First you must already have a GUI running locally. Type "xhost +<IP of Indy>" to bless X traffic from the Indy, then type "Xnest :1 -query <IP of Indy>". Assuming everything is set up correctly you will get a GUI window with the Login prompt, and once you login you will get your Irix desktop. The :1 <- of this solution tells Linux which console to attach to, you can have up to 7 of these I believe.
Do the "xhost +<IP of Indy>" to bless X traffic, then type "X :1 -query <IP of Indy>". Your screen will flicker to black as it changes consoles and attaches to Indy. Login and you have your IRIX desktop. By default F7 is console :0 your Linux desktop and :1 should be F8. You can switch between them by pressing Ctrl-Alt-F8 or Ctrl-Alt-F7, it is possible that the console attached to F9 so check that if seem to have lost your session. As with Xnest the :1 is the a console to attach to and you can have more then 1.
Mac OS X
Assuming you have Xcode installed you have the same 2 choices as Linux except that Mac OS X does not have "virtual consoles", instead you get an application window called Xquartz for each X session you run. You can still have more then one and you invoke them exactly the same way you do under Linux. But instead of the CTRL-Alt-F# you just click on the Xquartz session you want to use or click on the Finder to get back to normal.
Quick overview. Start X11, the Installer puts X11.app into /Applications/Utilities, find it and double click on it. Once it is running you should have an Xterm in which to type, from there just type "Xnest :1 -query <IP of Indy>" or "X :1 -query <IP of Indy>" either will startup a Irix desktop session for you. Again you can have more then one simple use the next console via :2 or :3. You may want to start an Xterm for each session so you can kill them with Ctrl-C. Or place them in the background and grep the PID so you can send kill -TERM <PID> to shut them down.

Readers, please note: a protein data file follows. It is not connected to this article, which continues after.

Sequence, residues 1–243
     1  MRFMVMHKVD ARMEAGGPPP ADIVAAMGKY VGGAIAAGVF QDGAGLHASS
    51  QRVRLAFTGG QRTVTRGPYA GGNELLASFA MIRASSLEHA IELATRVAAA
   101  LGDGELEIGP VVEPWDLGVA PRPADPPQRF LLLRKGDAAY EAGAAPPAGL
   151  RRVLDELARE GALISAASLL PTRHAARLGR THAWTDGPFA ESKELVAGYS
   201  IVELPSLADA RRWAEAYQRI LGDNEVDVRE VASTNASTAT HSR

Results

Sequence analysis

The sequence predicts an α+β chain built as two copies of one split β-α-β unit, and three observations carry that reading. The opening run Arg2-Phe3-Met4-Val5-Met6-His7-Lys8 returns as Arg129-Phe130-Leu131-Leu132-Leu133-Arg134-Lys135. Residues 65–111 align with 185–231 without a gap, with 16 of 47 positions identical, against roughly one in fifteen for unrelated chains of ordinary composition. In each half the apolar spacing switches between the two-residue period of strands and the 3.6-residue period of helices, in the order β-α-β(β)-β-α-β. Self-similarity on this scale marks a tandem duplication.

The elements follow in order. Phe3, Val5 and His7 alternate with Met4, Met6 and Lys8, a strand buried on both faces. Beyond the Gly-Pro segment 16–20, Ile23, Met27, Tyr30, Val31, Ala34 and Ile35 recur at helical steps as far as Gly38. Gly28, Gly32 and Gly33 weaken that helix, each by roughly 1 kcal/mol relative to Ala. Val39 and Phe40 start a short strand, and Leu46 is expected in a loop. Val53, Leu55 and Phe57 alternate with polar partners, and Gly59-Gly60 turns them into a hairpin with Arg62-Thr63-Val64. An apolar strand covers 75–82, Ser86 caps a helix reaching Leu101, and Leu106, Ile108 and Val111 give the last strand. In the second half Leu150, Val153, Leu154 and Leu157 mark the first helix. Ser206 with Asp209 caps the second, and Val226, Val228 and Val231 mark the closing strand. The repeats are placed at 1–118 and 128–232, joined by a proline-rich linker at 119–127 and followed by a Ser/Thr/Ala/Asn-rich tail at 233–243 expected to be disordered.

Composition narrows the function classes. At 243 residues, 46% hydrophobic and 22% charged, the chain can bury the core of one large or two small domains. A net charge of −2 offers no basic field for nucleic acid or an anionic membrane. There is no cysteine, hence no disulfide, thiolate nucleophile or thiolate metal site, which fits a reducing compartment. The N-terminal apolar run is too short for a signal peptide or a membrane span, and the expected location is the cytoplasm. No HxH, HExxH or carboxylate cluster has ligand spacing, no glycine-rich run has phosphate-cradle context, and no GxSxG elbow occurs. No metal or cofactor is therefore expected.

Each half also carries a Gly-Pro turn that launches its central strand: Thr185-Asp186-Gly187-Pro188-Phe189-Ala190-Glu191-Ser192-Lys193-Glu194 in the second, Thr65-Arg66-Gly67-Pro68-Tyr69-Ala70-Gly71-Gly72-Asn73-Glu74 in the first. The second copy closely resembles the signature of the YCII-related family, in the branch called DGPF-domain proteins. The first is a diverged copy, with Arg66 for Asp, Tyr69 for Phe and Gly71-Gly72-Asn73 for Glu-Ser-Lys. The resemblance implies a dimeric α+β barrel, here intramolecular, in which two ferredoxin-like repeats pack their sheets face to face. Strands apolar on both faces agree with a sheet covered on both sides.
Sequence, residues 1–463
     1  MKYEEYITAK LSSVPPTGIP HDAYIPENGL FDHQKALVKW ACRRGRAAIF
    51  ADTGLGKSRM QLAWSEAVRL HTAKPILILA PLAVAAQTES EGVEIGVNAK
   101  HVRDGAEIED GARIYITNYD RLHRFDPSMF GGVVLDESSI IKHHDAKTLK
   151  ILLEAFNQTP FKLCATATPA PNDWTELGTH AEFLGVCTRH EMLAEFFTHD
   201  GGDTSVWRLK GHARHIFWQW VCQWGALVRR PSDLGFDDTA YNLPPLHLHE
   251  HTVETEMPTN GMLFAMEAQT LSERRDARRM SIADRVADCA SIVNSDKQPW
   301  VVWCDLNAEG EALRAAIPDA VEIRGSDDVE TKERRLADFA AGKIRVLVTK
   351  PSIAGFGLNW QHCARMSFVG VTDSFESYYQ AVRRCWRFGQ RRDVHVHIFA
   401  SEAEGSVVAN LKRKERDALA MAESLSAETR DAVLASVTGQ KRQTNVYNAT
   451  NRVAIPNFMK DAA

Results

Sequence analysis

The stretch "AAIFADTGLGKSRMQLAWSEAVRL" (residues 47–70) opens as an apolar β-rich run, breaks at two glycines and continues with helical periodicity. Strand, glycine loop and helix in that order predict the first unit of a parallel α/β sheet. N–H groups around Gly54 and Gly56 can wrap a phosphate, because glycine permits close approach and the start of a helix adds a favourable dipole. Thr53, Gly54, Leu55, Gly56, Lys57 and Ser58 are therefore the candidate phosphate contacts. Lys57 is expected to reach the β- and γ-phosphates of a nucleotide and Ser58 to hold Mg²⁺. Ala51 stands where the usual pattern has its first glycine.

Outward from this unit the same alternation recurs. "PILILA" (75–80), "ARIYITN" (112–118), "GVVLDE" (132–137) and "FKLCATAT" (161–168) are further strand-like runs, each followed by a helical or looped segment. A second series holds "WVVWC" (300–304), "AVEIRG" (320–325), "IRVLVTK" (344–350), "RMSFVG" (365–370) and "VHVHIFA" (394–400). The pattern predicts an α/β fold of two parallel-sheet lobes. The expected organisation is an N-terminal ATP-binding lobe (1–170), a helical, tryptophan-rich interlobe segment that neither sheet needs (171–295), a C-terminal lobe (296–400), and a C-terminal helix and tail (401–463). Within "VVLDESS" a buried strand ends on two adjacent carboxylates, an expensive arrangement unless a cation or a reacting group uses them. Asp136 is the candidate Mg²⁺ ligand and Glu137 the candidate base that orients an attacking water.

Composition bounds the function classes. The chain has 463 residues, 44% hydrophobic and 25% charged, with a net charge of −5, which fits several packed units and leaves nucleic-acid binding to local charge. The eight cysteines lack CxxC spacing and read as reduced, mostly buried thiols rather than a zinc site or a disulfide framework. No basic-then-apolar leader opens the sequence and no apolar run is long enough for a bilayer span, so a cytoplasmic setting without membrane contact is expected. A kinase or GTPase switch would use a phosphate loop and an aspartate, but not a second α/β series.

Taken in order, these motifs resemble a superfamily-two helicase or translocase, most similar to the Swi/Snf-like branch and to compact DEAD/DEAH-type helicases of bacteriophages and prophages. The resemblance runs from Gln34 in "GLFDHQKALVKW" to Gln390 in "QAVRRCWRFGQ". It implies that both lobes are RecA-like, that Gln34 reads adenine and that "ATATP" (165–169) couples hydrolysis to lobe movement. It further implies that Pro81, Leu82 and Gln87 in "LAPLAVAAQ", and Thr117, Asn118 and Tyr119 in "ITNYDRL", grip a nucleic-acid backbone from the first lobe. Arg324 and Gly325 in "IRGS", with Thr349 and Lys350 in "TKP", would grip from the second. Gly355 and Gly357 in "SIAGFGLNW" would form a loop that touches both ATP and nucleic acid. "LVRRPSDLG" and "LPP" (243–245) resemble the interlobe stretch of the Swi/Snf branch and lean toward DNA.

Windows does not ship with the tools you need to do this so you have to decide which 3rd party software you want to use. Cygwin/X is the the most obvious free choice. It gives you a very complete Unix like environment which you can use much like the examples above. Other options include X-Deep/32 which until version 6.5 was free but has gone back to being a commercial software package. If you search on google you might find some older copies around. Exceed and a list of other commercial products will allow you to do this also but I suspect if you have these products already you probably already know what you are doing. (Anyone using these products feel free to expand this section.) As an alternative to Cygwin/X there is also Xming.
Using these methods I get a full 1280×1024/24-bit desktop from my old Indy with no visible delays in redrawing or moving. This is way more then the 8-bit video card could ever give me. It allows me to enjoy most the benefits of IRIX without having yet another keyboard/mouse/monitor setup. I use the same solutions with my Sparc 20 and Ultra 5 hardware and anyone who has every had to run older Sun Video cards can understand how having some modern hardware handling the video is a huge blessing.